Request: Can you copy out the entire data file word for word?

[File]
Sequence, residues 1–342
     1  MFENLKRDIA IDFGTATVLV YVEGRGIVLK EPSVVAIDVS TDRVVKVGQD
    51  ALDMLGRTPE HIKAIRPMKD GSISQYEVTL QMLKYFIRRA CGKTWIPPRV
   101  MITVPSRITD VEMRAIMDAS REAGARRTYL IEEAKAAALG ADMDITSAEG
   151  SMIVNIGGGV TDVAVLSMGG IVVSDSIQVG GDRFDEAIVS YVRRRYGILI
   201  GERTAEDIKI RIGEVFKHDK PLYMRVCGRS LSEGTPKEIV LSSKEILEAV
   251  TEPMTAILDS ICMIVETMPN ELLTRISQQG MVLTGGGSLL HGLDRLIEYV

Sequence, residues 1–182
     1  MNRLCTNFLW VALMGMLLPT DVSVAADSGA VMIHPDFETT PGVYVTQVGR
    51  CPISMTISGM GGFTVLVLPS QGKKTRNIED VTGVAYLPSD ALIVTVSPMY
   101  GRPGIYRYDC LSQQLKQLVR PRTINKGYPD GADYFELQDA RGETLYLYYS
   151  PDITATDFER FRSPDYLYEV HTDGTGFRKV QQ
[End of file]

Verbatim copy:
Sequence, residues 1–342
     1  MFENLKRDIA IDFGTATVLV YVEGRGIVLK EPSVVAIDVS TDRVVKVGQD
    51  ALDMLGRTPE HIKAIRPMKD GSISQYEVTL QMLKYFIRRA CGKTWIPPRV
   101  MITVPSRITD VEMRAIMDAS REAGARRTYL IEEAKAAALG ADMDITSAEG
   151  SMIVNIGGGV TDVAVLSMGG IVVSDSIQVG GDRFDEAIVS YVRRRYGILI
   201  GERTAEDIKI RIGEVFKHDK PLYMRVCGRS LSEGTPKEIV LSSKEILEAV
   251  TEPMTAILDS ICMIVETMPN ELLTRISQQG MVLTGGGSLL HGLDRLIEYV

Sequence, residues 1–182
     1  MNRLCTNFLW VALMGMLLPT DVSVAADSGA VMIHPDFETT PGVYVTQVGR
    51  CPISMTISGM GGFTVLVLPS QGKKTRNIED VTGVAYLPSD ALIVTVSPMY
   101  GRPGIYRYDC LSQQLKQLVR PRTINKGYPD GADYFELQDA RGETLYLYYS
   151  PDITATDFER FRSPDYLYEV HTDGTGFRKV QQ